executive director of the global free expression agency Article 19, has called
for rebranding of The Gambia whose reputation has been tarnished over the years
due to human right violations.
Speaking in an interview with The Point on the side lines of the Ordinary Session of the African Commission last week, Gambian-born, Dakar-based Fatou Jagne-Senghore said this is necessary “to give back the hopes we all need in Africa to really come back to where we belong as capital of human rights in Africa.”
“This Banjul, is the birthplace of the African Charter and the headquarters of the prime body which is the African commission which was discredited all these years because of the Gambia’s human rights record. We believe that we can have a new start,” she said in an exclusive interview.
On the pledges President Barrow made to the Africa and civil society delegates at the opening of the sessions last week, Mrs. Jagne-Senghore said it is commendable that the commitments are coming from the highest level as they have seen some steps already.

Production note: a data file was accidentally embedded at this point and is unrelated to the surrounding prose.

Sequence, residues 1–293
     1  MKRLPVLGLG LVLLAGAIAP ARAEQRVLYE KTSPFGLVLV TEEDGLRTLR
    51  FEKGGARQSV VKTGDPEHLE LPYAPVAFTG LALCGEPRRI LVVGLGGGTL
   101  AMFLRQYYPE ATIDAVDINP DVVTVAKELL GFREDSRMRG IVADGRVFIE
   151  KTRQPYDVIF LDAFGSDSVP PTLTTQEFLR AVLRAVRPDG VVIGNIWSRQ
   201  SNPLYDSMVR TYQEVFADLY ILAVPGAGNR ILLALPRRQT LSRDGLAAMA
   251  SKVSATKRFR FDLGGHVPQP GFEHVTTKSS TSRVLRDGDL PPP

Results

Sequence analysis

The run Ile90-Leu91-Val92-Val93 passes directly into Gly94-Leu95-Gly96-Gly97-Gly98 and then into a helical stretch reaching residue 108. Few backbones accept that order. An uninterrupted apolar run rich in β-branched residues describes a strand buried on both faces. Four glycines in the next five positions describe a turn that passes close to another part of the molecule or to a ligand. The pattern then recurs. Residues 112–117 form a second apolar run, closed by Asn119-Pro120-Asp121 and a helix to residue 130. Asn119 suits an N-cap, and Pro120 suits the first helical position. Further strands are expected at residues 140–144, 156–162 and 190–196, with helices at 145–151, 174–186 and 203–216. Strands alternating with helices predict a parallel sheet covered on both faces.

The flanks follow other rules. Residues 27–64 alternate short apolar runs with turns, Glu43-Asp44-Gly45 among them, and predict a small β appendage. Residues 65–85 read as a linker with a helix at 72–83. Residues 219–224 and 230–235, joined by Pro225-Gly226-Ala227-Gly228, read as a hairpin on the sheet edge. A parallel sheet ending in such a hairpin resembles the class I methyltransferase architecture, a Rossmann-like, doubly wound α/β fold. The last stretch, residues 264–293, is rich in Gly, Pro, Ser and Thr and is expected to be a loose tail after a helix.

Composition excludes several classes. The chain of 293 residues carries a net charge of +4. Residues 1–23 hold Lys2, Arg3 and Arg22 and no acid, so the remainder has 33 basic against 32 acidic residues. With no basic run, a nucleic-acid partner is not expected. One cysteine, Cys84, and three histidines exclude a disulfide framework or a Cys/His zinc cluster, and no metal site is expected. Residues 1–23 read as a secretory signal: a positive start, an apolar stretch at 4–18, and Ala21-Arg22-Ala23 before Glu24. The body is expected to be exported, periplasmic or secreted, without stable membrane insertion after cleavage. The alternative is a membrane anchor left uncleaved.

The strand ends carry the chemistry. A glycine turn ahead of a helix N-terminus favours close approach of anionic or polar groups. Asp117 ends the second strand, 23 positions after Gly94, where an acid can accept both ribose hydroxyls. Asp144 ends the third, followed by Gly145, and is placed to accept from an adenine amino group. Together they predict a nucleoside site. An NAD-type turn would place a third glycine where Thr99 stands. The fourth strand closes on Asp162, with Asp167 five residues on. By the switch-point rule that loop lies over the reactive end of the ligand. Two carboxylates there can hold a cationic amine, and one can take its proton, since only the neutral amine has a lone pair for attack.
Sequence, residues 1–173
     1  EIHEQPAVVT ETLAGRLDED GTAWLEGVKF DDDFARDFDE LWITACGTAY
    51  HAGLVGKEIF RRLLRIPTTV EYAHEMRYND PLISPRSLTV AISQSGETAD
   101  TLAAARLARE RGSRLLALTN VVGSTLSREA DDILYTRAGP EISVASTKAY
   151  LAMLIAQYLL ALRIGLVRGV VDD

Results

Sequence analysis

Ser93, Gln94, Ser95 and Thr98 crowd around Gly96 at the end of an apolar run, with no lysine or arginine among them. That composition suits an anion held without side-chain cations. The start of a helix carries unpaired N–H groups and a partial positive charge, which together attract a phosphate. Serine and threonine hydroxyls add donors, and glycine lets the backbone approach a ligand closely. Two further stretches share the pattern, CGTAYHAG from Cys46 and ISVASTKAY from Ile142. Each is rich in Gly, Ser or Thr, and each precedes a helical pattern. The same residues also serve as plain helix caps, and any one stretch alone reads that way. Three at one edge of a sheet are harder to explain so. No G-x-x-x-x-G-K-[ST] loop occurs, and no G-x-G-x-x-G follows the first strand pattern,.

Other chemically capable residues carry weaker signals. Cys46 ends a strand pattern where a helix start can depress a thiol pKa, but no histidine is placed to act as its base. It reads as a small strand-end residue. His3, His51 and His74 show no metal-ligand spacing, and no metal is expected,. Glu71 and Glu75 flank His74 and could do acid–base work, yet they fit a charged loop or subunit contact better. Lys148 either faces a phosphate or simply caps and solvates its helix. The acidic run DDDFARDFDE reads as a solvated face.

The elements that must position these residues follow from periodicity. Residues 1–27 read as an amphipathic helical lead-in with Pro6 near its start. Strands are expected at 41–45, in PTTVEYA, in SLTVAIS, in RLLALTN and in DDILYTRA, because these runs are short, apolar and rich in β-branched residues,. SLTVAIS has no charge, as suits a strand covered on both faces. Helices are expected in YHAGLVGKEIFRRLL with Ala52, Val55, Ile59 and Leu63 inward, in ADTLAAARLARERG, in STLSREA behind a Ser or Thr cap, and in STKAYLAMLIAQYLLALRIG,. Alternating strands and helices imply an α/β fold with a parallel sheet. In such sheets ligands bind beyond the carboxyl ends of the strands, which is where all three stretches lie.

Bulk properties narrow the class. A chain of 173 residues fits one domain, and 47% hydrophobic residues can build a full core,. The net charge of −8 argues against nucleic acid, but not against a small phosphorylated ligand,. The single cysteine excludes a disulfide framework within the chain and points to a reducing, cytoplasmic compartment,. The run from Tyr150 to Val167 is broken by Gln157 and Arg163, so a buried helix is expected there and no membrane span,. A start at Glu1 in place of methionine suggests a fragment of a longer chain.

“As we speak, for example, our organisation is working with government, namely the Ministries of Information and Justice, to assist and make progress in the reform of laws and policies that are governing the freedom of expression landscape. This is priority area for the government,” she said.
She added that the president has reiterated during his State-of-the-Nation address, and repeated these at the opening ceremony of the commission, that media laws and freedom of expression are central to the rest of other freedoms.
“We also know that these rights have been most violated during the 22 years of the past regime. So it is a priority,” she said.
The activist, whose organisation began work on The Gambia since 1998 urges all to work together and ensure that the country has a good Freedom of Information Bill that will ensure that all Gambians are close to their government, have access to information that is of interest to the public and also for the government to be more accountable and more open to the public, allow free flow of information.
You can read the full text of Fatou Jagne’s interview in our Friday edition.